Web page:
“As with most things in Indonesia, where there is yin there must be yang”, notes Richard Lofthouse and Captain Jimmy Blee of Asia Pacific Superyachts Indonesia.
“On one hand, the beauty and adventures that cruising Indonesia presents are unparalleled in their diversity and escapism, a window into a different world. On the other, these positives are punctuated by the challenges of no real marinas or facilities for visiting Superyachts. The harmonious balance between the yin of the old world and the yang of the new has not yet been struck.
In reviewing key country entrance ports scant focus is shown on Superyacht facilities, yet there are considerable options for vessels, as explained by Richard and Captain Jimmy in the anchorages following, starting with Bali and Benoa.
Bali / Benoa:
This major location has 4 recognized facilities for Superyacht alongside.
The Bali Marina has room for boats up to 30 meters. This is a small yacht marina which can hold up to two 35m boats at one time and can provide water; with WiFi in the restaurant (not on dock). The marina does not provide shore power or fuel but does provide security. The Anchor / Stern to facility (3 spaces only) is at the port authority controlled location on a commercial jetty.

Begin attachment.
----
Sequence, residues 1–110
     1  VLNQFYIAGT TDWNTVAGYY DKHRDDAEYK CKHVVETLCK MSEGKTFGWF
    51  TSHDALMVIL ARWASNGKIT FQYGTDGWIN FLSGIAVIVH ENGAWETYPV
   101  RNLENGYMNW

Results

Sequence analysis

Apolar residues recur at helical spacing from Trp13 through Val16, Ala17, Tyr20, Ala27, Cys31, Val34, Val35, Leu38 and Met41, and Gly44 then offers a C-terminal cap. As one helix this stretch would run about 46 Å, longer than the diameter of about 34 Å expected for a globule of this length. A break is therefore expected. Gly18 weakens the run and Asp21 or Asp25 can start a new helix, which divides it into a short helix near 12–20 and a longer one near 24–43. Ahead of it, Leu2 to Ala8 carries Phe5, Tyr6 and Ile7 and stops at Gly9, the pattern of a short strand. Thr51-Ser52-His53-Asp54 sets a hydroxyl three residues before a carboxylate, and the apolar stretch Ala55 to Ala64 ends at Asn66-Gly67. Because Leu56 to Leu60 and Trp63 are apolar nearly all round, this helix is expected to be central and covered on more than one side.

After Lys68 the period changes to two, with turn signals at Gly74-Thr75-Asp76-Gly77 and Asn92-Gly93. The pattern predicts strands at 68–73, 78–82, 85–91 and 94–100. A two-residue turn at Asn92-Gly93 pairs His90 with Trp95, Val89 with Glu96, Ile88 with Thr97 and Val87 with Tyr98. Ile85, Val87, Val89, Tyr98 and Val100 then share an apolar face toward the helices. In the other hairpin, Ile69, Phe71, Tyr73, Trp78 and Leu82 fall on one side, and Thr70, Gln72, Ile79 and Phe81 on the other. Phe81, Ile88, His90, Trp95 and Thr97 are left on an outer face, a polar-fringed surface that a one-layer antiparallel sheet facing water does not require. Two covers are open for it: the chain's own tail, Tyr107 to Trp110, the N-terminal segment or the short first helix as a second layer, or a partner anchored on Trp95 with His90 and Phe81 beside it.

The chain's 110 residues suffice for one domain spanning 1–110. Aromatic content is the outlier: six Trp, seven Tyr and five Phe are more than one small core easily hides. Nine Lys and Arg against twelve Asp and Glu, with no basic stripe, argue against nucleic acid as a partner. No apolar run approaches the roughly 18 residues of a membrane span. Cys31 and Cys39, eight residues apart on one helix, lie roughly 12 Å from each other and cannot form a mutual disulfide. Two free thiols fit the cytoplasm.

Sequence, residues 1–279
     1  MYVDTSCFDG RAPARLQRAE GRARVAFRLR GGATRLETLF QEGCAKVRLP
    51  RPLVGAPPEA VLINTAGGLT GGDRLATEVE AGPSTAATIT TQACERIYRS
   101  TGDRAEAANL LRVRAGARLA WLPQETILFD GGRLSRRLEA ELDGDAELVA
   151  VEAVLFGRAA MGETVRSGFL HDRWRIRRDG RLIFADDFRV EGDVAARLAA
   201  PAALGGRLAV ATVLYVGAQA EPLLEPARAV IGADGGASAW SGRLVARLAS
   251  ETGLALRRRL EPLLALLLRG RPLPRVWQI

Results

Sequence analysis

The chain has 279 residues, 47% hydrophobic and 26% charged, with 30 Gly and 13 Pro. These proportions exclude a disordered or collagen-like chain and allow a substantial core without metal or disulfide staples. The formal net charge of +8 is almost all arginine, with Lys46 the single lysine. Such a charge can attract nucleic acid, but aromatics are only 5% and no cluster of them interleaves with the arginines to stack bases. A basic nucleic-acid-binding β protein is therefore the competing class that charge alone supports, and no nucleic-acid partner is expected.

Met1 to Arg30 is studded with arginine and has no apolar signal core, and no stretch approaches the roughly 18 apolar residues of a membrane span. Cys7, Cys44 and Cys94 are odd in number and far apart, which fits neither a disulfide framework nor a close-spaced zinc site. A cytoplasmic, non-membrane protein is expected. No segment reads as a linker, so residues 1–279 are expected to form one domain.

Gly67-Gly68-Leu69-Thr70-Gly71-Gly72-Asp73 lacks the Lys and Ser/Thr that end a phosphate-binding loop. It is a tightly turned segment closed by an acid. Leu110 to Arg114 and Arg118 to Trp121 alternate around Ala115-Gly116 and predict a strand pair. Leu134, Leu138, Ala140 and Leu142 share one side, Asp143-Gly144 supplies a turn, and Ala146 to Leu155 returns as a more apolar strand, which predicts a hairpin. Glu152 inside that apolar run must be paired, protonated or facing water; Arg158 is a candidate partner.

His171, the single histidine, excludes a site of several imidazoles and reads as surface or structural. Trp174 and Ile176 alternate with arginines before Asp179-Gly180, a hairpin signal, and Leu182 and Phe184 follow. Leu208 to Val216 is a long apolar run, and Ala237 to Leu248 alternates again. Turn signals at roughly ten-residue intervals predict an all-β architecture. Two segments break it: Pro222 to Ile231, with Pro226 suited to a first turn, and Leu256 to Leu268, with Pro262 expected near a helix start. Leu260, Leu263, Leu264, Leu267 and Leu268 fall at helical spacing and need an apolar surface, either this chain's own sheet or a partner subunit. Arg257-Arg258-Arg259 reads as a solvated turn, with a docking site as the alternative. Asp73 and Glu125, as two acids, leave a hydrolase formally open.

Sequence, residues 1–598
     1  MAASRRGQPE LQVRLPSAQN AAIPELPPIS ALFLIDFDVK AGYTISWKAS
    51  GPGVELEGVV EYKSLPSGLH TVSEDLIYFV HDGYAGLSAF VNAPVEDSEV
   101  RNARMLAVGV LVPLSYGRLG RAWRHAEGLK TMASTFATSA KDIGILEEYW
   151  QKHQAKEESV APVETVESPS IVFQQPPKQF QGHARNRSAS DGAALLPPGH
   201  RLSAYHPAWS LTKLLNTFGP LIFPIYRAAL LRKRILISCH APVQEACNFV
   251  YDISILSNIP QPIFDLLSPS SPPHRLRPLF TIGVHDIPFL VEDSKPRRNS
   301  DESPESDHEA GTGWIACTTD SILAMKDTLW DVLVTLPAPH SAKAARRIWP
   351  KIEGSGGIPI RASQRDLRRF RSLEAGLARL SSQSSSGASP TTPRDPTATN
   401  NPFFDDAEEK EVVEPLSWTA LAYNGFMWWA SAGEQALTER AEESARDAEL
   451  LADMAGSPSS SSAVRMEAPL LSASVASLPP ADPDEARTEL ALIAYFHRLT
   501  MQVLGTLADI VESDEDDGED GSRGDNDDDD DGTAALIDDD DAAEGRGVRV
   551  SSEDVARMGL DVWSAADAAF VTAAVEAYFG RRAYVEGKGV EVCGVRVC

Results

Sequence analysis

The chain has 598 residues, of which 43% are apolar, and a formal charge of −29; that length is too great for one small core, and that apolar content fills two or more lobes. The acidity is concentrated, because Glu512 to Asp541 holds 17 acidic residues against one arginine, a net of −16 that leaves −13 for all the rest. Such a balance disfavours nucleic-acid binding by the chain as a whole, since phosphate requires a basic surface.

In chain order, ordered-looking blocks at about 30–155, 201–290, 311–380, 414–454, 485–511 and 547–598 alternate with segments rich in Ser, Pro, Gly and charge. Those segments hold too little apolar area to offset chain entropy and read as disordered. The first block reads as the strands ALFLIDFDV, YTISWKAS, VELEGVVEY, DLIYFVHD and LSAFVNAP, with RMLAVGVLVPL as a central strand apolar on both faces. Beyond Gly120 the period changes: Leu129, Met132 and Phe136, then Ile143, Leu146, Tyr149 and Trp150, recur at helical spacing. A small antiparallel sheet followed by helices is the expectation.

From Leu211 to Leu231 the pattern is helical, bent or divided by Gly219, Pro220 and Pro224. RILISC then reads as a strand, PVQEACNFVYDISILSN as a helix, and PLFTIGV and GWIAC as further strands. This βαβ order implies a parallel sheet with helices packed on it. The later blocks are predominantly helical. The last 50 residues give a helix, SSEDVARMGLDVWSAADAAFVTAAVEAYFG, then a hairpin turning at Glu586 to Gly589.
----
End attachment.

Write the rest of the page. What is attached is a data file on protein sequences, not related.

Outside of Bali there are many outstanding anchorages where APS has based clients. The Gilies in NW Lombok provide one such spot – a beautiful bay with a jetty, where the stunning Oberoi Hotel can provide access (with prior permission secured by APS) and guests can be helicoptered in and landed there to join their boat.
Among these anchorages is Moyo, home of the Amanwana Resort, situated on a beautiful bay where APS can land guests in a floatplane right next to their boat. And there is Kima Bay Manado, on the doorstep to Bunaken Park, where the team can access a jetty and provide ground support, which is just a short drive to the airport to pick up guests.
The Benoa Marina is currently under development for limited Superyacht use. The Marina anticipates accepting vessels early 2014. This is a big commercial harbor now only suitable for ships 40m upwards. Security and fence are provided by agents as well as 6 ton water tanks and garbage disposal. No shore power but dampened gensets can be supplied for longer term clients.
The Benoa Harbour is about 30 minutes from the airport, although an impressive new fly over will cut this to about 5 minutes. The flyover goes from Benoa to the airport across the mangroves. From Benoa there is access to all that Bali has to offer from temples to beach clubs. There is hope for more Superyacht-specific facilities being developed in Benoa in the immediate future, and, adds Richard: “APS Indonesia is working closely with the government harbour department to assist in this development and we expect pleasing results to emerge in the immediate future. Stay tuned.”